A last stroll through the tortuous ethical jungle that is IVF, genetic engineering and cloning…
Is there anything morally wrong with parents choosing the eye and hair colour of their children, or the inherent abilities they will have? Do we have the right to “play God” in this way? Or were we meant to just accept whatever God gave us?
Throughout history, the whole human race has had to accept certain things in life as being beyond their control. That list used to include things like most diseases, accidental injuries, occasional starvation, the tyranny of distance and so on. But technological and medical advances have given us control over these aspects of our lives, and today we take that for granted.
For example, no one who gets pneumonia today just goes to bed and surrenders the outcome to God’s will (OK, some lunatic fringe cultists do). Instead, they will seek medical treatment, probably consisting of powerful antibiotics, intravenous rehydration and physiotherapy to clear out the gunk from the lungs. In some sense, to apply this treatment is to take the matter out of God’s hands and into our own. Sure, the final outcome is still not certain, and if God chooses for that person to die, they will indeed die no matter how good the treatment they receive. People still die from pneumonia in first world countries today, and people survived it without all the treatment hundreds of years ago. But the fact remains that the human medical treatment has dramatically changed the outcome for patients with pneumonia: whereas you might have had a 70% chance of dying from pneumonia five hundred years ago, you only have a 1% chance of dying of it today.
The medical treatment of pneumonia is an example of how we have taken control of many aspects of our lives today. A logical extension of this trend is for us to take control of life in the womb as we have taken control of life after birth, and perhaps even take control of life before conception itself. Rather than waiting for the person to fall ill with pneumonia and then strive to heal them, why not fiddle their genes before they’re born so that they are no longer susceptible to catching pneumonia in the first place?
I find that to be a fairly convincing argument. But genetically engineering resistance to pneumonia is different to choosing eye colour or hair colour or ability to play the piano. Pneumonia is an illness and everyone would agree that we are committed to fighting illness in all its forms with all the means that God puts at our disposal. In Christianity, we see illness as a result of the Fall and the corruption of our lives and our nature. To fight it is to strive to return to that perfect state from which we fell.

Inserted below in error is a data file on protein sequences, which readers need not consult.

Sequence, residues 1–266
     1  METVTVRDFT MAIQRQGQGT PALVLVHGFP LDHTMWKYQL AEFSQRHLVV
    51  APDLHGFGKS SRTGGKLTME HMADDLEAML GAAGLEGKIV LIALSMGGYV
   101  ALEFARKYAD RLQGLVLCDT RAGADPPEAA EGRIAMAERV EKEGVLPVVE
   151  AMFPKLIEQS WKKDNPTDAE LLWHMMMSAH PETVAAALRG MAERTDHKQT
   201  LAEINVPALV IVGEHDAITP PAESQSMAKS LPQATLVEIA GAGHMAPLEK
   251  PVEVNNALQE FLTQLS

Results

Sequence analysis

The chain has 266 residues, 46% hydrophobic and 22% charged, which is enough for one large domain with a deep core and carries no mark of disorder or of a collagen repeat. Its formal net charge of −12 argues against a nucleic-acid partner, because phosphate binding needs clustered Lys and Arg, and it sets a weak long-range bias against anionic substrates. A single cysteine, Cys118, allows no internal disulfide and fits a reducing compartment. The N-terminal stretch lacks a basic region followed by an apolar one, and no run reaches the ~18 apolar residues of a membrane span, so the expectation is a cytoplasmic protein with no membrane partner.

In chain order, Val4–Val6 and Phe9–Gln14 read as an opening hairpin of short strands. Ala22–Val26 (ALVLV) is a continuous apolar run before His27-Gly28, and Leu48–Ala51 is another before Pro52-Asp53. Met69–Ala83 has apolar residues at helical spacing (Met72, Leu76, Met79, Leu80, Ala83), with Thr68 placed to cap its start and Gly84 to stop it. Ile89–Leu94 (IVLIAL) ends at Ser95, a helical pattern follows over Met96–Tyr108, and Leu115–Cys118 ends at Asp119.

Yet even in Paradise, neither Adam nor Eve got to choose what they looked like or what they were “born” good at (I know they weren’t born; you know what I mean). Until now, this has always been the prerogative of God, and everyone had to just accept what they were given and do their best with it. Is there anything stopping us from changing this state of affairs and taking control of our children’s genes?
I can think of a few arguments against it. Firstly, it is a huge responsibility. Imagine a man who always wanted to be a world champion boxer but never succeeded. He agrees with his wife to have their child born a boy and genetically engineered to be tall, wide and all muscle. However, their little boy grows up desperately wanting to be a concert pianist! Think of the resulting chaos. The parents will resent their child for letting all that money they invested in his genes going to waste. The child will resent his parents for giving him short stocky fingers that are useless for playing the piano, thus destroying his fondest dream. If this state of affairs had come about naturally; if the child had just naturally been born that way, he might have still felt resentment, but not at his parents – it wasn’t their fault. But now, it is. What parents would want to take so great a responsibility on their shoulders?
Secondly, there is the fact of the very real limitation on human knowledge (not to mention wisdom!). Once you start playing with one thing, all sorts of other things might happen that you didn’t expect. Although we are capable of some fiddling with the genes of our children today, we are very, very far from understanding how the whole thing really works; the kind of understanding, I mean, that would allow us to fiddle and know exactly what’s going to happen. For us at the moment, genetics is more like the weather than it is like a mathematical problem. Our predictions have limited accuracy and often go wrong, and the more complicated it gets, the more often we are wrong. If this were nothing more than an experiment with lab mice, it might be acceptable, but we are dealing with human lives here. If the only way to learn to get it right is by making a lot of mistakes along the way, I think that is just too high a price to pay. Otherwise, what makes us any different to the deplorable human guinea pig eugenics experiments of the Nazis in World War 2?
I will leave you with a few more hypothetical questions you might enjoy pondering and perhaps discussing with your friends.
Is it acceptable to use the technology to improve the overall characteristics of the human race; encourage only good looking and intelligent babies to be born, for example?
Is there anything wrong with breeding “specialised” humans: astronauts without legs, or pearl divers with waterproof skin and huge lungs, for example?
Is there anything wrong with genetically engineering completely new and original organs in humans: wings or gills for example?
As you can see, we have barely begun to scratch the surface of this topic. So many questions…
So few concrete answers…